FORT BENNING, Ga. — Spc. Joseph Borden’s ankle was giving him trouble.
He slipped while getting up during a reconnaissance mission earlier in the day and it had been sore ever since. At the moment, however, Borden, a scout with the Hawaii Army National Guard’s C Troop, 1st Squadron, 299th Cavalry Regiment, was focused on other things — like prepping for an upcoming run with his six-person scout team.
The run and the recon mission earlier were all part of an assessment of scout teams from throughout the Army National Guard to determine who would represent the Guard in the Gainey Cup, in which teams from across the Army compete for the title of the Army’s best scout team.
Named after retired Command Sgt. Maj. William J. Gainey — who served in a variety of armored units before being selected as the first senior enlisted advisor to the chairman of the Joint Chiefs of Staff — the Gainey Cup has been held every other year since 2013.
For Borden, getting through the assessment despite the sore ankle all came down to one thing.
“I don’t quit,” he said.”You just gotta cowboy up.”
Led by instructors from the Guard’s Warrior Training Center at Fort Benning, the assessment tested eight teams on a variety of tactical and technical skills used by scout formations and recon elements, including land navigation, reconnaissance and map reading.
“The selection process has been built off of previous Gainey Cups,” explained Army Capt. Dwain Hinman, commander of the WTC’s C Company, who oversaw the assessment.
After the assessment, four teams will be selected to return in April to the WTC, where they will go through a monthlong train up prior to the competition in May. For the competitors, the three-day assessment was a physical and mental challenge. It was designed to be as strenuous as possible.
“We wanted to put together a course that would challenge guys who are in good physical shape,” said Army Staff Sgt. Bradley Arms, an instructor at the WTC. “That’s going to be a prerequisite for being able to compete in the Gainey Cup.”
In addition to demonstrating their skills in land navigation and map reading, the teams endured a number of long distance runs and ruck marches.
“They did about 23 miles in less than 48 hours,” Arms said.
The recon run, which required teams to navigate a course while making note of significant features and obstacles along the way, was among the more challenging events for many of the teams. While the course itself was known, the distance was not.
“The recon run was definitely tough,” Melvin admitted. “You’re already physically exhausted at this point. You’ve had very little sleep. We went out a few miles and pushed on to complete it.”
But the run was all part of his team’s job as scouts, Melvin said.
“Our job is to observe and report everything we see,” he said. “We paint a picture for the commander.”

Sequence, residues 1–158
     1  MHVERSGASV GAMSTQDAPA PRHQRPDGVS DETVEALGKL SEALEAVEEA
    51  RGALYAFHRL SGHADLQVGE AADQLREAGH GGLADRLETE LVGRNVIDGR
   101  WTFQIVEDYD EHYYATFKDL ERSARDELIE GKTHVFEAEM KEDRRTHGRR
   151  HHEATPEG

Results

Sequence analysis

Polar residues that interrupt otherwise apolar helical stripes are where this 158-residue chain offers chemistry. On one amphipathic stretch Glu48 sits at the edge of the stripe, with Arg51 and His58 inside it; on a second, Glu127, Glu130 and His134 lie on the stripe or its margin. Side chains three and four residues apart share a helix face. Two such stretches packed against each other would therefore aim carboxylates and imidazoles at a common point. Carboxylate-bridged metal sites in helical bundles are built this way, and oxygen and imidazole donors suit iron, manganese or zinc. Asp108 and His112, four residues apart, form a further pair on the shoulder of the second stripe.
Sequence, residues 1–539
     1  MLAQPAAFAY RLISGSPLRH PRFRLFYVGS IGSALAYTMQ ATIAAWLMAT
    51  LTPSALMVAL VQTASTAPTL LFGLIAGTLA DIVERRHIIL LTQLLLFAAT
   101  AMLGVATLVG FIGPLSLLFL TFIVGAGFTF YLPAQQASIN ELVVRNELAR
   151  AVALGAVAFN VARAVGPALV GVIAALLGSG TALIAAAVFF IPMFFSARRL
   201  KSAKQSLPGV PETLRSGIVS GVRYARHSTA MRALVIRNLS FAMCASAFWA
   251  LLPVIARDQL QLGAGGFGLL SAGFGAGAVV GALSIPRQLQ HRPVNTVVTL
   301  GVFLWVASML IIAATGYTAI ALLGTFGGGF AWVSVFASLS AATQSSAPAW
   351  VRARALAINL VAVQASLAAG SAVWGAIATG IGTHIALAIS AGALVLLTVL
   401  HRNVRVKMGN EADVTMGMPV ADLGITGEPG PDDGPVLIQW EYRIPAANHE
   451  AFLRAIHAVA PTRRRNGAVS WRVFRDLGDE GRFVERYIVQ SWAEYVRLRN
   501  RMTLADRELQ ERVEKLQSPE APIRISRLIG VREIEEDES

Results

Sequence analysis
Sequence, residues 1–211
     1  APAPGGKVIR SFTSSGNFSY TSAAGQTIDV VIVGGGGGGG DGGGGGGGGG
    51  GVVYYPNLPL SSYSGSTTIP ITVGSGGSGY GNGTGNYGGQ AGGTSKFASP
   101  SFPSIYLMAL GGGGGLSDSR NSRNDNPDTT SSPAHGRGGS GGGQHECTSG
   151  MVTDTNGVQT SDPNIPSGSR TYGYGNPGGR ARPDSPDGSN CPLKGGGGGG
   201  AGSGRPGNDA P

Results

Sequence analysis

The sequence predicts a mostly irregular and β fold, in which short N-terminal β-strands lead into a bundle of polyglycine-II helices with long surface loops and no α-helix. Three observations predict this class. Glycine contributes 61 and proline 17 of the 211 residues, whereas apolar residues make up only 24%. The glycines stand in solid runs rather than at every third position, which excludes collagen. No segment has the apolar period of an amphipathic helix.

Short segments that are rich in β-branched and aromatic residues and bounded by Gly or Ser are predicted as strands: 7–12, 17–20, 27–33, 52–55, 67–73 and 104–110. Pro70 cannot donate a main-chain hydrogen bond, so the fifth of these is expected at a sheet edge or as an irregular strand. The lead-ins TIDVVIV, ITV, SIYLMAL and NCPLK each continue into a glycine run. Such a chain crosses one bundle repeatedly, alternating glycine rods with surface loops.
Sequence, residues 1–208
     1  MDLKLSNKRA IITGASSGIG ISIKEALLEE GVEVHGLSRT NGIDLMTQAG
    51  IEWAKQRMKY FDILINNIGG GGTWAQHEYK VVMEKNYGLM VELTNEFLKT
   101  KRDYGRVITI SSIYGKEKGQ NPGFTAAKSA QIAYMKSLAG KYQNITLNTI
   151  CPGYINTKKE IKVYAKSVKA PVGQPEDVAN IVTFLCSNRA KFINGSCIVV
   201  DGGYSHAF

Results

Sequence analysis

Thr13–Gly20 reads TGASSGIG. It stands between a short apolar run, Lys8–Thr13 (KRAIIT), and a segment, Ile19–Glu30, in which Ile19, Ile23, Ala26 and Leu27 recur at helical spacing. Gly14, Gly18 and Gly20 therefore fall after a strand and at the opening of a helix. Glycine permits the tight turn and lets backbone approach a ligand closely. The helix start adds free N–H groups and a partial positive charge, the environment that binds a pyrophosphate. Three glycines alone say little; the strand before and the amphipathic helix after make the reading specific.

That meant keeping their eyes sharp while navigating the course in the shortest amount of time.
“We came upon some obstacles that were in place,” Melvin said, “and we just tried to remember everything we saw and get back as fast as possible.”
The recon run was just one part of a long day of tests. After undertaking a ruck march and other events, teams then had to man observation posts.
“I think the whole [observation posts] event was sort of a culminating event,” Arms recalled. “We went out of land nav into a six-plus-mile ruck run straight into the [observation posts] lanes, which were all night.”
Getting through the assessment meant working fully as a team, according to Melvin.
“In an event like this, you’ve got to rely on your Soldiers,” he said. “It’s humbling to know that I can step back and I have trained Soldiers who can do it.”
It also meant taking advantage of the brief periods of downtime during the assessment.
“We noticed that during downtime a lot of other teams were sleeping,” Melvin said. “Not us. We were rehearsing and prepping for every mission.”
For Hinman, one of the most rewarding aspects of the competition was getting to witness the team members push themselves.
“The best part is seeing the competitors actually just move out and do what they’ve got to do and stay motivated the whole time,” he said.
For Melvin, the fact that a tank crew from his battalion won the 2016 Sullivan Cup showed that his unit can “perform at the highest level.”
The Gainey Cup stands as the partner to the Sullivan Cup, which tests tank crews from throughout the Army, and Melvin said he was hopeful his team would achieve similar results in 2017.
“We’ve come here to perform at the same level that the [252nd Armor Regiment] tank companies already have.”
But Borden, whose ankle was still sore as he finished up the assessment, had other thoughts on his mind.
“Some cool breezes and palm trees would be great about now,” he said.